Joe Biden is drawing criticism for proposing to shut down a major oil pipeline in Michigan one day after his climate change plan was released.
The president said he would consider shutting down the Line 5 pipeline in the Great Lakes to protect the environment. The move comes after an advisory panel sent Biden a report suggesting he shut it down, which was later signed off on by his campaign. Critics of the plan say closing the pipeline could lead to energy shortages during the winter months.
The 645-mile pipeline is situated in the Great Lakes, transporting up to 540,000 barrels of fuel per day. The line was completed in 1953 and has had over 1,500 leaks since it began operation.
Line 5 is part of a pipeline network that transports about 540,000 barrels of oil each day from Western Canada to refineries in the United States. Petroleum is extracted from the line in Escanaba, Michigan.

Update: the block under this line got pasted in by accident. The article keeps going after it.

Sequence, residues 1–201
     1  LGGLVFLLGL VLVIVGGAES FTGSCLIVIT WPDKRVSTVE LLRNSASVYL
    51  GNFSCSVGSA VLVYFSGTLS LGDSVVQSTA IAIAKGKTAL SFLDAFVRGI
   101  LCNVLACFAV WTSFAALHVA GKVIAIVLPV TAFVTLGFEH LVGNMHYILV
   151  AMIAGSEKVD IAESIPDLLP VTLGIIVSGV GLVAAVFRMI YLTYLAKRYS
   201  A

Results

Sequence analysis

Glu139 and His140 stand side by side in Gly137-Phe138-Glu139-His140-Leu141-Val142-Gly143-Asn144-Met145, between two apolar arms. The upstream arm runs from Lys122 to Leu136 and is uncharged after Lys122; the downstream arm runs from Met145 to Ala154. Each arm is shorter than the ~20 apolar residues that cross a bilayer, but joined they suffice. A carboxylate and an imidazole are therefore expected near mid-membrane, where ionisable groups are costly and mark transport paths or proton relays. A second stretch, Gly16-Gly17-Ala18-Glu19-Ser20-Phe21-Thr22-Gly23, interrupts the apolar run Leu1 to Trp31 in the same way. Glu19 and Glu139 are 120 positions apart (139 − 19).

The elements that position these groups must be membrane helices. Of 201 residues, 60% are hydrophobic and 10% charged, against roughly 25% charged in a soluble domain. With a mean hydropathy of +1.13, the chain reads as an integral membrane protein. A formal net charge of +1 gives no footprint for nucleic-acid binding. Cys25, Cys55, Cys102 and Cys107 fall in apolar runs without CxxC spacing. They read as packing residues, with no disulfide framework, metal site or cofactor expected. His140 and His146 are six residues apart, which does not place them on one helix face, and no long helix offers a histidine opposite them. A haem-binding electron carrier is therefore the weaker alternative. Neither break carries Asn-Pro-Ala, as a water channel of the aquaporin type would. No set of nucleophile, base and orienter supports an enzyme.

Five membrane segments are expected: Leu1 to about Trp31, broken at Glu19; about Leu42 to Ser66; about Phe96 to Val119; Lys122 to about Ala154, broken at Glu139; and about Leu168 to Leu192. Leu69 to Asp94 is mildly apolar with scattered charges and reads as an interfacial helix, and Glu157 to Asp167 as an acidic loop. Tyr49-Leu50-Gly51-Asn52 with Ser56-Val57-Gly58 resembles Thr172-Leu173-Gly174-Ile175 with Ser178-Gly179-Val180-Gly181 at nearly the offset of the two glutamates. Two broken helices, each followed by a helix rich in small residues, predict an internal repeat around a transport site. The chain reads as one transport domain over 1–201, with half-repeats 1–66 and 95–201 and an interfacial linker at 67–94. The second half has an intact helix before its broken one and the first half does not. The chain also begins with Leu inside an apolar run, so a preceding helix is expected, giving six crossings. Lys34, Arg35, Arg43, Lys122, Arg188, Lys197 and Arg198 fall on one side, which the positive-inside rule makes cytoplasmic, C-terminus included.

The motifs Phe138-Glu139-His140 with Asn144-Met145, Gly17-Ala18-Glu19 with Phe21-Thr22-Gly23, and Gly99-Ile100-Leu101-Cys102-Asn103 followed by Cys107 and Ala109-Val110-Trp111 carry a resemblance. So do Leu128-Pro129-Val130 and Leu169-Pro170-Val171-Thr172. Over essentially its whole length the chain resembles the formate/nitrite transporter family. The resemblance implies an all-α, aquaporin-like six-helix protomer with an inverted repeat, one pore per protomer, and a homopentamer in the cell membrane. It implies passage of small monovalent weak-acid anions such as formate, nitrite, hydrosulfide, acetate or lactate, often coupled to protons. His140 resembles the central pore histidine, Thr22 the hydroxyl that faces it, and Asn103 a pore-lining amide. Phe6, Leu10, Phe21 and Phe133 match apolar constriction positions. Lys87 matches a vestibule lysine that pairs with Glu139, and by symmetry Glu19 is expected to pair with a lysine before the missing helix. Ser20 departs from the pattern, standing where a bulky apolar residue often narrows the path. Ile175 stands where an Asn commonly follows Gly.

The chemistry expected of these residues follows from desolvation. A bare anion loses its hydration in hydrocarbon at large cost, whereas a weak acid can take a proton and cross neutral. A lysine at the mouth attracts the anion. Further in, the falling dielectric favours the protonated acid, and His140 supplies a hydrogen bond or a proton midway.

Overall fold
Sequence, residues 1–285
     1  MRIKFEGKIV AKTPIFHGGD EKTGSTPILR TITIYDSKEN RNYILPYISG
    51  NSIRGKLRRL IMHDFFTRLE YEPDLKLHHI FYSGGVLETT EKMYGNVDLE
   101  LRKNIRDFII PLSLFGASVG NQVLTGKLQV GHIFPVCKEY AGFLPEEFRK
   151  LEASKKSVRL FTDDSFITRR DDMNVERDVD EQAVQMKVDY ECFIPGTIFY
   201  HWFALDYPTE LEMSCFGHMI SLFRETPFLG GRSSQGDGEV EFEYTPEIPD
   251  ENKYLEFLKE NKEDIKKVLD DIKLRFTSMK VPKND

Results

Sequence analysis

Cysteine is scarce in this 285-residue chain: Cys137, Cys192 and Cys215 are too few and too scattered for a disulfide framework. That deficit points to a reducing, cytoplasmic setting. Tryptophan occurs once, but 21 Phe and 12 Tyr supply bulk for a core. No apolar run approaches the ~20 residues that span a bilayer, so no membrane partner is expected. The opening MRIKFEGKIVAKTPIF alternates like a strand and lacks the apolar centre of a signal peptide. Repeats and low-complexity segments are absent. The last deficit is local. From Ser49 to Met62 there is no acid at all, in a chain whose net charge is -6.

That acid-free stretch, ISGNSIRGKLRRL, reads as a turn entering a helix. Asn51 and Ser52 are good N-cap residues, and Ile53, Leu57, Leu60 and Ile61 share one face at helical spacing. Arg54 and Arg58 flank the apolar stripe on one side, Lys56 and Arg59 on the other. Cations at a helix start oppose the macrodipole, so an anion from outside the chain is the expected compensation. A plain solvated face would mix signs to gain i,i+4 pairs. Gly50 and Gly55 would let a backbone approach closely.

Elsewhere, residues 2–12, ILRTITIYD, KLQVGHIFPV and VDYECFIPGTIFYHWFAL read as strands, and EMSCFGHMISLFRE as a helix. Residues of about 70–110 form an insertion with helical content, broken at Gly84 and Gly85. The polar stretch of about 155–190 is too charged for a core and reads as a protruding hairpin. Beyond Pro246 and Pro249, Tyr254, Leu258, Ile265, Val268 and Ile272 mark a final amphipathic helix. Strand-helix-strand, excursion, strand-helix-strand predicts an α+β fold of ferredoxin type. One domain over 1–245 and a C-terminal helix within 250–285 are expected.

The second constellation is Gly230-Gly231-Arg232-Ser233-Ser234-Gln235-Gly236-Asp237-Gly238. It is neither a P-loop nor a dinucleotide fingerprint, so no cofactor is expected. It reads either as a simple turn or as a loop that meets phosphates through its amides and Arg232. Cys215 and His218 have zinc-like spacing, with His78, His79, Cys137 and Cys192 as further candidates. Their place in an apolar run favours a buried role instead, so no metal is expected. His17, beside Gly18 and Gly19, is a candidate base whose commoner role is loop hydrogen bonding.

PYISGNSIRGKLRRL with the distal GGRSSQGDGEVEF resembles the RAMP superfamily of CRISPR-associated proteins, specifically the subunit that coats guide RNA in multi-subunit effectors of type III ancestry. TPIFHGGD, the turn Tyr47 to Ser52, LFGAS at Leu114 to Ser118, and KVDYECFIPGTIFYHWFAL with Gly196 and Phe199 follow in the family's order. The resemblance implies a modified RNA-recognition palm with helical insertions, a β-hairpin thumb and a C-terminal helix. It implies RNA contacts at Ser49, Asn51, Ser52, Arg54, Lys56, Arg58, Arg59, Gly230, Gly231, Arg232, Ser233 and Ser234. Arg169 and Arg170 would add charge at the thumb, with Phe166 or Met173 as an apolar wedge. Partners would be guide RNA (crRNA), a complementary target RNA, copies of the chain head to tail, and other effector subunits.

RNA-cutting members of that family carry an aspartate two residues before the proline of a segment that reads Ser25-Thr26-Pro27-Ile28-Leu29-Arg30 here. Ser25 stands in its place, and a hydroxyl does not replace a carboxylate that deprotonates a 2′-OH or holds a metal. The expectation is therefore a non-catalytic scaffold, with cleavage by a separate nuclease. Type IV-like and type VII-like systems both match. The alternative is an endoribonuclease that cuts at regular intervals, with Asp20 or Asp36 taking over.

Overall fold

The line is also notable for passing under the ecologically sensitive Straits of Mackinac, which connects Lake Michigan to Lake Huron.
Biden’s plan for energy includes moving to 100 percent carbon-free electricity by 2050; doubling clean energy research funding; building the Green New Deal across the European Union and building a clean economy that creates high-quality union jobs.
Climate change activists welcomed his plan, but they also pushed him to support Senator Bernie Sanders’ Green New Deal proposal.
Former Michigan Gov. Jennifer Granholm, Biden’s energy secretary, says, “This is completely predictable,” saying that heating costs would rise regardless of the Biden administration’s decision on the pipeline. “Yes, it will happen. This year will be more expensive than last year,” Granholm added in an interview with CNN.
Biden’s campaign manager Greg Schultz said this week that the candidate “supports” the Green New Deal but is still reviewing it.
The campaign has not commented on the possibility of closing down Line 5.